My sugar craving hit earlier today – just after lunch. All I could think about was having a little cookie or something chocolatey; anything sweet. I reluctantly settled on a mandarin orange.
I’m now enjoying a sugar-free coffee; it’s my second of the day. I was eager to try a suggestion from fellow blogger Allison Burnett, who tweeted at me to try sprinkling a bit of cinnamon in my coffee to add some sweetness. (Allison, I can’t say I find it sweeter, but the cinnamon taste is novel and therefore slightly distracts me from the fact that there’s no sugar!)
Today I want to write about my past efforts to avoid white sugar but replace it with other things. You see, for some time I was under the delusion that alternate forms of sugar were “better” for me than refined white sugar. But sadly, my most credible sources have taught me that this is untrue.
A few years ago, I believed that brown sugar was better for you than white sugar. There are many online sites that will back up this claim – trumpeting the perils of refined white sugar while playing up the “healthier attributes” of brown sugar and cane sugar. I went on to have a brief obsession with agave nectar – sometimes paying top dollar for it at health food stores under the assumption that it was better than white sugar in my coffee.
Sadly, this is simply false information. The best and most comprehensive article that I’ve read on the topic comes from a publication called Nutrition Action, which is published by the Centre for Science in the Public Interest (a non-profit, health advocacy group based in Toronto). In the April 2012 issue, the cover story, “Sugar Belly: How Much is Too Much?” breaks down some of the common misconceptions about sugar consumption. One of the most important points made in the article is that sugar by any other name is still bad for you.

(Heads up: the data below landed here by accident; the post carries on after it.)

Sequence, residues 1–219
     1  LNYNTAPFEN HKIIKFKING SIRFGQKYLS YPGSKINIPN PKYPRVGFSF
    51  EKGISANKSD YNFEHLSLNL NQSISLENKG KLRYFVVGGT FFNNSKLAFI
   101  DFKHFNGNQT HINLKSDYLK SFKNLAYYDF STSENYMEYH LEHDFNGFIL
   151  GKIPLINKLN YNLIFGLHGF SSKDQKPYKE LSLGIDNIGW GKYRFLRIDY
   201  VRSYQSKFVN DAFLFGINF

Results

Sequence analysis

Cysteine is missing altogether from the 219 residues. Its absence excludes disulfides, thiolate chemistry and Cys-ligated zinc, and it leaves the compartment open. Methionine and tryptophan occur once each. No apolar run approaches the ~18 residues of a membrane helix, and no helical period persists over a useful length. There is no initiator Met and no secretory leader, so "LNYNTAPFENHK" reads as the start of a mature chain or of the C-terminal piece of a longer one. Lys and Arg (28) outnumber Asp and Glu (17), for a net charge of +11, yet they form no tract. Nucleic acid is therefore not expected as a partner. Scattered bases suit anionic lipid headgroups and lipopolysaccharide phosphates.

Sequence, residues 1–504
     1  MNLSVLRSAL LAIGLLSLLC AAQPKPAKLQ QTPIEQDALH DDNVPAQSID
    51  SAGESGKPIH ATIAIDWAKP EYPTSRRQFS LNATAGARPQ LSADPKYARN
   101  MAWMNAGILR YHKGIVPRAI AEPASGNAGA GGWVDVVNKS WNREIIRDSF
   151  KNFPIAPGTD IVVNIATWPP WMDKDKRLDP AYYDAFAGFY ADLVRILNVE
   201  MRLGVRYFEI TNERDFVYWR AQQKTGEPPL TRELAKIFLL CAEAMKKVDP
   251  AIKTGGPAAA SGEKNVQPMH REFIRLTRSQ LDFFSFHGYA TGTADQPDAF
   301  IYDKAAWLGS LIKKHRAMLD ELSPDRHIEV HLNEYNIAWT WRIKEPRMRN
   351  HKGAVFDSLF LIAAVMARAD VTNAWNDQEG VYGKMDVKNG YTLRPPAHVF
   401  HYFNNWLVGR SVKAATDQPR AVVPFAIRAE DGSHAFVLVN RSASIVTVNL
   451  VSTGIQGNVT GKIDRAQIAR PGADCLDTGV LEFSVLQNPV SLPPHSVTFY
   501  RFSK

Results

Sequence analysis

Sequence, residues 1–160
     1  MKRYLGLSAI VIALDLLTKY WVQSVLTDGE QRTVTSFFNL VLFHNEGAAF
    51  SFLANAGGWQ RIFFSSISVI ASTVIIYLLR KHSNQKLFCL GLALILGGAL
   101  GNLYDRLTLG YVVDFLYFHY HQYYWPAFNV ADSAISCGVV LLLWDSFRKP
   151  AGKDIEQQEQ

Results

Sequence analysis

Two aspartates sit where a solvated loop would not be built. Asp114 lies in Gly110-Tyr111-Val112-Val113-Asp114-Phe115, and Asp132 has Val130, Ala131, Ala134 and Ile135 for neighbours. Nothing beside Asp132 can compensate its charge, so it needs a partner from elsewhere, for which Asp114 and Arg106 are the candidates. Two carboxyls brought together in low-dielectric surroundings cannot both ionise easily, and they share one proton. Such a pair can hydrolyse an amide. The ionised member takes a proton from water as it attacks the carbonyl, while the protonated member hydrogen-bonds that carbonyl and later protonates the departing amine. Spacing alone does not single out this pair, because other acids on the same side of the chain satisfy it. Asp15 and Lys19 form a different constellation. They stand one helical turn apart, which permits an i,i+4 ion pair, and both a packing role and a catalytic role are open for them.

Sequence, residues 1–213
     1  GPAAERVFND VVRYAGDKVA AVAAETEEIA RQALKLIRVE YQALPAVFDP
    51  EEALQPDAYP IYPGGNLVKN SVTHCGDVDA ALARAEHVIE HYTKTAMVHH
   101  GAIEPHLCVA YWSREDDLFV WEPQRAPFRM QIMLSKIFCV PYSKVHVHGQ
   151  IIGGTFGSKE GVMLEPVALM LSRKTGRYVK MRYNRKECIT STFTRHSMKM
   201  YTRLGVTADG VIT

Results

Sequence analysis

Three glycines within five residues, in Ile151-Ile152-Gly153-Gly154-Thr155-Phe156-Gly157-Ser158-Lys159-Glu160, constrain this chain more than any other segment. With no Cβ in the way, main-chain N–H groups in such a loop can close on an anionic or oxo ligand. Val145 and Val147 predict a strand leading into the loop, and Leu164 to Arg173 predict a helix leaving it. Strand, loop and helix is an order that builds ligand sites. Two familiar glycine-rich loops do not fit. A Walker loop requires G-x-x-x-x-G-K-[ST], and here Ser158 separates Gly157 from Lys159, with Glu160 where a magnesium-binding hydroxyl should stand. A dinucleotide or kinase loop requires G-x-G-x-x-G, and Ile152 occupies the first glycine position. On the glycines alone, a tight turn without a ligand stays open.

Nutrition Action did their research by talking to the experts. “Added sugars – whether they come from sucrose, high-fructose corn syrup, or fruit juice concentrates – all have equal adverse effects metabolically,” says Harvard University’s Vasanti Malik. “This obsession with high-fructose corn syrup is a little misguided.”
A simple chart in the article shows how every sweetener – from corn syrup to raw sugar to honey to agave – is made up of fructose and/or glucose. Both of them are bad for you – contributing to obesity, diabetes and heart disease.
The key points of this five-page, feature article are summarized at the end in a pull-out box called ‘The Bottom Line’:
- Shoot for 100 calories (6.5 teaspoons) a day of added sugars if you’re a woman and 150 calories (9.5 teaspoons) a day if you’re a man.
- Don’t drink sugar-sweetened beverages. Limit fruit juices to no more than 1 cup a day.
- Limit all added sugars, including glucose-fructose, cane or beet sugar, evaporated cane juice, brown rice syrup, and honey.
- Don’t worry about the naturally occurring sugar in fruit, milk, and plain yogurt.
- If a food has little or no milk or fruit (which contain natural sugars), the “Sugars” number on the package’s Nutrition Facts panel will tell you how many grams of added sugars are in each serving. Divide the grams by 4 to get teaspoons of sugar.
I know – it’s tough to swallow. But wouldn’t you rather know the truth?